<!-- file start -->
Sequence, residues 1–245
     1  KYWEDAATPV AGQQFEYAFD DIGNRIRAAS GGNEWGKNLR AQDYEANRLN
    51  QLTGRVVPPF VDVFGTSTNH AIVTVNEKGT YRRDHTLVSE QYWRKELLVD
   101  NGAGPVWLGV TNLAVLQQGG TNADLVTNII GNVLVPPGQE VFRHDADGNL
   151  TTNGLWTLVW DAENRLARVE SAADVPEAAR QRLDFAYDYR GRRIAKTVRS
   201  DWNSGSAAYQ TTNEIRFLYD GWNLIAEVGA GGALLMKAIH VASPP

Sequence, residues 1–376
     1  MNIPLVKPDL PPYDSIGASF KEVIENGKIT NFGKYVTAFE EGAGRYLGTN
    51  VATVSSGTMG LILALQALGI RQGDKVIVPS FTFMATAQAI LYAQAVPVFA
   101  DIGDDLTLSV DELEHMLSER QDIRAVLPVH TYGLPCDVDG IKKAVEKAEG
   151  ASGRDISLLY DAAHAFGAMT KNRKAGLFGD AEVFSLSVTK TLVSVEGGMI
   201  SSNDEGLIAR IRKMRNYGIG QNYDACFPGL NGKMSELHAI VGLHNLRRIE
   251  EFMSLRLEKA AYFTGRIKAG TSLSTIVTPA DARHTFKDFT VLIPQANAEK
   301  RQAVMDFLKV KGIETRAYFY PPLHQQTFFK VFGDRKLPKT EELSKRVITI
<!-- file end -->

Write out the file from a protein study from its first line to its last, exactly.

Sequence, residues 1–245
     1  KYWEDAATPV AGQQFEYAFD DIGNRIRAAS GGNEWGKNLR AQDYEANRLN
    51  QLTGRVVPPF VDVFGTSTNH AIVTVNEKGT YRRDHTLVSE QYWRKELLVD
   101  NGAGPVWLGV TNLAVLQQGG TNADLVTNII GNVLVPPGQE VFRHDADGNL
   151  TTNGLWTLVW DAENRLARVE SAADVPEAAR QRLDFAYDYR GRRIAKTVRS
   201  DWNSGSAAYQ TTNEIRFLYD GWNLIAEVGA GGALLMKAIH VASPP

Sequence, residues 1–376
     1  MNIPLVKPDL PPYDSIGASF KEVIENGKIT NFGKYVTAFE EGAGRYLGTN
    51  VATVSSGTMG LILALQALGI RQGDKVIVPS FTFMATAQAI LYAQAVPVFA
   101  DIGDDLTLSV DELEHMLSER QDIRAVLPVH TYGLPCDVDG IKKAVEKAEG
   151  ASGRDISLLY DAAHAFGAMT KNRKAGLFGD AEVFSLSVTK TLVSVEGGMI
   201  SSNDEGLIAR IRKMRNYGIG QNYDACFPGL NGKMSELHAI VGLHNLRRIE
   251  EFMSLRLEKA AYFTGRIKAG TSLSTIVTPA DARHTFKDFT VLIPQANAEK
   301  RQAVMDFLKV KGIETRAYFY PPLHQQTFFK VFGDRKLPKT EELSKRVITI